The Blackening Party

OTTAWA (Reuters) – Canadian Prime Minister Justin Trudeau is in the midst of a political meltdown after photos of him in blackface at a 2001 party emerged just weeks before a national election. The images tarnished his image as an ardent supporter of multiculturalism.

A few wiks ago a colleague of mine brocht tae my attention this auld Scottish 흑화 당 tradition, namely the blackening party. Blackening is a pre-wedding ritual that serves to warn a bride-to-be that marriage isnae all roses and that she should prepare herself for challenges and rough spells. It seems that the people of Scotland arenae content with just telling a bride this, they aye have to show her as well.

The groom is usually the first victim but this practice has also been applied to brides-to-be. The ‘blackening’ consists of the groom or the bride being doused in whatever disgusting ingredients the guests can find; such as raw eggs, rotten fish, curdled milk, tar, mud and flour. This mixture is then thrown over the victim and the participants stand around her whilst making a noise with whistles, drums, sticks, banging pots and pans and generally creating as much of a racket as possible.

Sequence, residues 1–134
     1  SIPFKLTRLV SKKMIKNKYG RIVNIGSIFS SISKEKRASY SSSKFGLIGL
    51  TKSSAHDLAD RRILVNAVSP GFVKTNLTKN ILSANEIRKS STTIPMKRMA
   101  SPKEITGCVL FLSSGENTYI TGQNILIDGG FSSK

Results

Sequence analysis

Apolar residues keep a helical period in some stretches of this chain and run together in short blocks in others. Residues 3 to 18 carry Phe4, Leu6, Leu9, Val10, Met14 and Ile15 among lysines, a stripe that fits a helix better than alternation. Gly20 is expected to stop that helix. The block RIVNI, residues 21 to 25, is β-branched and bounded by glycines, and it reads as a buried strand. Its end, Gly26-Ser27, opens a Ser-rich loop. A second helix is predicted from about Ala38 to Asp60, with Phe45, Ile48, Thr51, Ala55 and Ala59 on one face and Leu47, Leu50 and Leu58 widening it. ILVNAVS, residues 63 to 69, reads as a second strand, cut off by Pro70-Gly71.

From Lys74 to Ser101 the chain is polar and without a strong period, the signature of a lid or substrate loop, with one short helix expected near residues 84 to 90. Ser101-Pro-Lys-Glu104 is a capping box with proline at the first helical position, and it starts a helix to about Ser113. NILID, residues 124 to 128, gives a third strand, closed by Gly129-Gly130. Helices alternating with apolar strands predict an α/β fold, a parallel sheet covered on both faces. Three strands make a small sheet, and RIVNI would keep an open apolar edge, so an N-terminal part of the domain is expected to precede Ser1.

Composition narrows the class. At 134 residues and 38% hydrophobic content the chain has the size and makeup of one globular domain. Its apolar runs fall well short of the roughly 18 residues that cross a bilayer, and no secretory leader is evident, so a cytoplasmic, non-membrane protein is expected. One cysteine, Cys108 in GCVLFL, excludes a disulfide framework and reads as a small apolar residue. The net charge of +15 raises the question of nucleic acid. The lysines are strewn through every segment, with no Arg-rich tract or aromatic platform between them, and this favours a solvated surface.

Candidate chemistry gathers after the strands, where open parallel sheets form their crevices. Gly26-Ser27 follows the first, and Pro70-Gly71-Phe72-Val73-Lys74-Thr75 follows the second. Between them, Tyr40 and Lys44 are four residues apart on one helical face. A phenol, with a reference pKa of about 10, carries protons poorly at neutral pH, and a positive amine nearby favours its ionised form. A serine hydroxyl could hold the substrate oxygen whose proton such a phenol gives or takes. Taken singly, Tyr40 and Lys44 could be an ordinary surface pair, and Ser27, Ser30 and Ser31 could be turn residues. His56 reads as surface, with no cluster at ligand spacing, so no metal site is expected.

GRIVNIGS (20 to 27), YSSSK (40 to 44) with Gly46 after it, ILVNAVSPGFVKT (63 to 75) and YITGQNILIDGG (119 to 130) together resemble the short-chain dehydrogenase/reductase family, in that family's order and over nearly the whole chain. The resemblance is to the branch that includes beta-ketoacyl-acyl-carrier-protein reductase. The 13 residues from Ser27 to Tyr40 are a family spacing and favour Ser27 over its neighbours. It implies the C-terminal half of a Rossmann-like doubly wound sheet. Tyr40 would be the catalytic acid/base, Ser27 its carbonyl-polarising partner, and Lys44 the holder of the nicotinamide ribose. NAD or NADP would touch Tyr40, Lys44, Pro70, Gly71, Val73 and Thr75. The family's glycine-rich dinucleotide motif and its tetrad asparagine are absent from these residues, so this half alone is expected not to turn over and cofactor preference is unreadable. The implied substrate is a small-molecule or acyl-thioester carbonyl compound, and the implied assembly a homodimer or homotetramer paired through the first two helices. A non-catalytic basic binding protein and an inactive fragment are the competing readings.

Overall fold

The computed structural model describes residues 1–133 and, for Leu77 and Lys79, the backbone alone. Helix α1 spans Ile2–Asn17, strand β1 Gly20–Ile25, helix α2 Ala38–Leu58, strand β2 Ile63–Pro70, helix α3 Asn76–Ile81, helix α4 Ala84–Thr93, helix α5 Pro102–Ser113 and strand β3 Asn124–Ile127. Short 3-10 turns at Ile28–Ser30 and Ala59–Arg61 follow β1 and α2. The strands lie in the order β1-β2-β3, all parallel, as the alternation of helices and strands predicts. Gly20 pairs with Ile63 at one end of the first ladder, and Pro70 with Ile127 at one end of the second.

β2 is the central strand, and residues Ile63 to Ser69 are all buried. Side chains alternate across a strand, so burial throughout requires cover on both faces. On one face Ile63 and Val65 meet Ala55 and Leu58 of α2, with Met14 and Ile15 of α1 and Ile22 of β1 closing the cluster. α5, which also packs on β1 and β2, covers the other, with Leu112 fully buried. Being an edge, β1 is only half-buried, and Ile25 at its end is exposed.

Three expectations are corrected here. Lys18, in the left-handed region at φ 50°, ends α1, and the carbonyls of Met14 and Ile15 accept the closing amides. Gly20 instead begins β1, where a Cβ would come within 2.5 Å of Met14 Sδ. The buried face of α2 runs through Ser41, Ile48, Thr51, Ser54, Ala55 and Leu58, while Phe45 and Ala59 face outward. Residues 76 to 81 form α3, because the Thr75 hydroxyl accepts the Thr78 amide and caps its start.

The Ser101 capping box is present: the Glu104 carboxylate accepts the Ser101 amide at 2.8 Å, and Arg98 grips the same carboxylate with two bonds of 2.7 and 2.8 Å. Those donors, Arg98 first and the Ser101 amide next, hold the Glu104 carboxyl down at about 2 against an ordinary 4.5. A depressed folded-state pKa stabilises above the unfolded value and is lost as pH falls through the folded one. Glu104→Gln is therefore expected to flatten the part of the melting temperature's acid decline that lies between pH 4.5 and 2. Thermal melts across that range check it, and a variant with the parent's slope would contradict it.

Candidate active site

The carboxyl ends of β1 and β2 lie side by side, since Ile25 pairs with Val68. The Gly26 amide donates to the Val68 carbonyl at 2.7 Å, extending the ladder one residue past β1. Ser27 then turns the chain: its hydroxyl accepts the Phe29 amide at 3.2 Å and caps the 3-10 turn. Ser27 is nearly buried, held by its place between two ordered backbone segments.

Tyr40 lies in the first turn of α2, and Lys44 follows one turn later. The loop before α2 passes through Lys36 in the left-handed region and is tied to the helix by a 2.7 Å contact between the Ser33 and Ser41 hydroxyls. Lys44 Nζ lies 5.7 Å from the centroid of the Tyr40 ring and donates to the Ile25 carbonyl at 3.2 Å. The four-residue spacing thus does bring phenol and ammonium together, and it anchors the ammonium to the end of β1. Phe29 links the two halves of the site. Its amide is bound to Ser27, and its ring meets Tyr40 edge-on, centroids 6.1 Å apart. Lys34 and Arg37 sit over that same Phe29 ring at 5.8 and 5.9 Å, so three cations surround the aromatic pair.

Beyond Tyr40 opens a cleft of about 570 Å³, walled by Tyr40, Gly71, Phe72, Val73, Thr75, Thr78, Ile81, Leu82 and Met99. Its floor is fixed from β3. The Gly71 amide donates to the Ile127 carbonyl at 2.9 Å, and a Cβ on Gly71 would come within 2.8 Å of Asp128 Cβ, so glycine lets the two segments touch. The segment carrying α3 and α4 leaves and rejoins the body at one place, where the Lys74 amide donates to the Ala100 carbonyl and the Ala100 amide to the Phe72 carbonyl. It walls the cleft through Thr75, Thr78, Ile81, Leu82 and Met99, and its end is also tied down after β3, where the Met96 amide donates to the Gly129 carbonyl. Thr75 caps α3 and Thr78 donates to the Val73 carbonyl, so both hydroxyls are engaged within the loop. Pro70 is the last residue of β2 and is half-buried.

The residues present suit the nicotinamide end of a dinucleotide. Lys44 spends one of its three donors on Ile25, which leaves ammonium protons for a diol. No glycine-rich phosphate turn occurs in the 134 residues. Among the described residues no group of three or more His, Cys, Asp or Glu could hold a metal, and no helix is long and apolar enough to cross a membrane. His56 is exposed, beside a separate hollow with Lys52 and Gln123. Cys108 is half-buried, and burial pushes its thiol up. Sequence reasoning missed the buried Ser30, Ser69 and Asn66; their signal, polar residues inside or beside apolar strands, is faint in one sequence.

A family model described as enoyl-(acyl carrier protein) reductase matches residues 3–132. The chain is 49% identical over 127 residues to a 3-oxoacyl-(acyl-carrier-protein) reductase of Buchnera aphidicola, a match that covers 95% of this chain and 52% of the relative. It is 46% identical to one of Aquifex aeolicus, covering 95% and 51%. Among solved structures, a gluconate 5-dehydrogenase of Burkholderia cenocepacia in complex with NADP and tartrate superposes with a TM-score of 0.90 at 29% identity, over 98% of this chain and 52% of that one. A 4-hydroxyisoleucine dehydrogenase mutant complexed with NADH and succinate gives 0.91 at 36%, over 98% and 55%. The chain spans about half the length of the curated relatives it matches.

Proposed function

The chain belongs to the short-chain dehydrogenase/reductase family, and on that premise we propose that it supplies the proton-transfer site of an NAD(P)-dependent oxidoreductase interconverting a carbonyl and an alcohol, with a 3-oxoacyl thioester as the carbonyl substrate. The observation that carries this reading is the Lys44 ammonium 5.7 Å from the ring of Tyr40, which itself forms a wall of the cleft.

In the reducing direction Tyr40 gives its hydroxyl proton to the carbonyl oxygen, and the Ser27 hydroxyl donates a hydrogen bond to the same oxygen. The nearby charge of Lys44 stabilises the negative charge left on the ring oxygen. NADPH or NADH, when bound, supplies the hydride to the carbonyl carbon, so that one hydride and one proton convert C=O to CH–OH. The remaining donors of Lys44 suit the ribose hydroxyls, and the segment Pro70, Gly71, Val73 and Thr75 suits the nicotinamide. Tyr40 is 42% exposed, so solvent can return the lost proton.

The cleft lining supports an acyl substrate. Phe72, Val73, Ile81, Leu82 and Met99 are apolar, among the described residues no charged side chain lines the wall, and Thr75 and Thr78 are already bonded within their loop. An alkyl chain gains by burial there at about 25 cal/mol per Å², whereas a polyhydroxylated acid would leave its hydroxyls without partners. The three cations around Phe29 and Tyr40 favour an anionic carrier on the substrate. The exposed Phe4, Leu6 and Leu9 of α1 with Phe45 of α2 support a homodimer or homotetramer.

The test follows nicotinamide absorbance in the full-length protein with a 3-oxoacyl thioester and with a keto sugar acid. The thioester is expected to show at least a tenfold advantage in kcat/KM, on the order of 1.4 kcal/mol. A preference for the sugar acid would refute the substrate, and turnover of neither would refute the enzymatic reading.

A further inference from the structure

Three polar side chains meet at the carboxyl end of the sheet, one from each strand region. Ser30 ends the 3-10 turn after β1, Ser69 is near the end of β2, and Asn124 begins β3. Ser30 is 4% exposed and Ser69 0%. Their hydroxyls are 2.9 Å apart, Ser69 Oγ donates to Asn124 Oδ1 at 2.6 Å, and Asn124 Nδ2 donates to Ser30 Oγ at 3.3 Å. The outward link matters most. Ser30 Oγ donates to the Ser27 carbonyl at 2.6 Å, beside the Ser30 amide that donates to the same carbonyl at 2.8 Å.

After being left to dry, the ‘blackening’ victim is then paraded through town or on the back of a truck, with her captors screaming, shouting and blowing their whistles. This is supposed to make it as hard as possible for the bride-to-be to recognise her future husband, and it also means that as many people as possible will get to see his sorry state.

In the past, soot was a common ingredient used to blacken a bride as it represented hearth and home. More recently, however, other substances have been used. The latest addition to the list of ‘blackening’ ingredients is a brewer’s barley mix that gives a particularly dark appearance and is said to act as an effective cover-up.

Although the ‘blackening’ might sound like medieval torture, it actually began as a cleansing ritual to purify a bride prior to her wedding ceremony. The ‘blackening’ is also seen as a way to welcome the bride into the community and to mark her as a “local.” It is also considered that if a woman can handle being blackened she will be able to handle any problems she might encounter in marriage.

This year a new film called The Blackening is set to hit theaters. Written and directed by Dewayne Perkins, the movie takes on racism and stereotypes while still uplifting Black culture. The star-studded cast features Sinqua Walls, Melvin Gregg, Yvonne Orji and more. VIBE caught up with Perkins to discuss the film and why it is important that stories like this are told.